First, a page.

Today was an InService professional development day. Other teachers know what I’m talking about. I gave a workshop on spreadsheets, specifically google sheets, but it all also applies to Excel.
I love spreadsheets. They are so powerful and make things much easier—if you know how to use them. I’ve seen many teachers doing things that would be easier and faster if they used a spreadsheet.
So I made a spreadsheet to explain things like cells, cell addresses, simple formulas like SUM, AVERAGE, COUNT, etc. The teachers taking the workshop really liked it and immediately saw how this would be useful for them. The last part was on conditional formatting and they really liked that.
Most of the teachers went from knowing almost nothing about spreadsheets to knowing how to have a spreadsheet do math and other useful things.
We did Hour of Code today. There just aren’t enough students learning how to program these days. The US doesn’t have as many programmers as just a decade ago. This is a problem, and exposing students to programming may ignite a spark that will help them decide to learn how to program. The kids had fun seeing how to draw on a screen using commands. Here’s hoping that some decide to learn how to control computers.
While I teach general science, my schools Gifted and Talented teacher goes into more advanced work with some of the students. Today she brought in a biology expert to do sheep brain dissection in my classroom.
Students were finding the parts of the brain they’ve learned about, from the pituitary gland to the olfactory lobes to the optic nerve crossover. Looking at the gray matter and the white matter.
Some parents came in to do this with their kids. Most kids had fun, but one or two were kind of squeamish.
I’ve been teaching Newton’s second law to my 6th graders, and I’m really surprised at how the textbooks try to do the math. When I learned it (back before dirt), I learned f = ma (force is mass times acceleration). Our textbook says a = f/m (acceleration is force divided by mass). But I haven’t seen a textbook use this:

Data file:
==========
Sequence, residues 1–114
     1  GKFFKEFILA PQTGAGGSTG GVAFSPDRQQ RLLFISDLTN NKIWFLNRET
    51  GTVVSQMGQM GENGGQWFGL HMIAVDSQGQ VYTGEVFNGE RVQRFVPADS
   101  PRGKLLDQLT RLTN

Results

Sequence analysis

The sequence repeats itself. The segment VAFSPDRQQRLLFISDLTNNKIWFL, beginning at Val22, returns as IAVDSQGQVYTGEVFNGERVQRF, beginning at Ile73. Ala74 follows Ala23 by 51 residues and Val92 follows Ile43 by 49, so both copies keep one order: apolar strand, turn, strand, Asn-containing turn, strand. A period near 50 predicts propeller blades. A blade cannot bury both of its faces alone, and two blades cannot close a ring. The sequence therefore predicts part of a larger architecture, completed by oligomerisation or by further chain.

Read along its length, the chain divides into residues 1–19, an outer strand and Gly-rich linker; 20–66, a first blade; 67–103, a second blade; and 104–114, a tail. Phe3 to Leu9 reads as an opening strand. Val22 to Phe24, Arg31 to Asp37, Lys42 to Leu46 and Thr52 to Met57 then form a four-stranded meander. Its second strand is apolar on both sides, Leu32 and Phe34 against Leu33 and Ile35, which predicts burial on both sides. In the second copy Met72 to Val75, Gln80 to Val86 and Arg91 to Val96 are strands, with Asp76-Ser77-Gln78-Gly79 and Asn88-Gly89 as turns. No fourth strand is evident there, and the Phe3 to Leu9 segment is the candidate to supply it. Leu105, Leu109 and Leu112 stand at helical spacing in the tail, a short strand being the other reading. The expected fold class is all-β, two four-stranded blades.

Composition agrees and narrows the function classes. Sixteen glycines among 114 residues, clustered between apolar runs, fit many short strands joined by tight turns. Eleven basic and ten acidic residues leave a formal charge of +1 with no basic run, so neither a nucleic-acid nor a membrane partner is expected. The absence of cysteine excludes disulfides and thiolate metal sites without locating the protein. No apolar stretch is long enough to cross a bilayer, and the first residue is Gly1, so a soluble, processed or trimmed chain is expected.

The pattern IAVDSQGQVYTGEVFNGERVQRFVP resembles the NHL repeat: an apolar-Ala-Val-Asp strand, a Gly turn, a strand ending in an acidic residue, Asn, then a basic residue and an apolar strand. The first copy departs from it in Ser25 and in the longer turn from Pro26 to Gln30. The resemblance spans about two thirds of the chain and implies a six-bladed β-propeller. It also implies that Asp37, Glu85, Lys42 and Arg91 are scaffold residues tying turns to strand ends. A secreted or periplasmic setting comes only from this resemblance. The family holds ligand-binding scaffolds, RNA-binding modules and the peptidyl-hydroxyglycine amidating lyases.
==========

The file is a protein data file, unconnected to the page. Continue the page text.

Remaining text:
With this, all you do is plug in what you know, and it will show you how to get what you’re missing. For example, if you have force and acceleration, you fill them in, and you have force divided by acceleration. That gives you mass.
You can also think about like this: I want to get the force, so I cover up the f. I’m left with mass times acceleration. Or I want to get acceleration, so I cover up the a. I’m left with f over m.
Now, instead of having to remember 3 formulas (f=ma, m=f/a, a=f/m), I just have to remember this one thing that gives me the 3 formulas. All I really need to remember is that force goes on top (because multiplication is commutative).
Friday the 8th grade science teacher was absent, so I got to teach one of the 8th grade sections. I’ve taught 8th grade, and they had just started learning about telescopes, so I taught them about light. I handed out diffraction gratings to the students, and then used spectrum tubes to show the different colors from different elements. I showed neon, argon, oxygen, and hydrogen. The tubes are placed in a transformer that sends high voltage through them to excite the atoms and they give off photons as the electrons return to their ground states.
Every two years we have a very special day at school. We have guests come and the students get to listen to their stories of surviving difficult experiences. Today our guests are: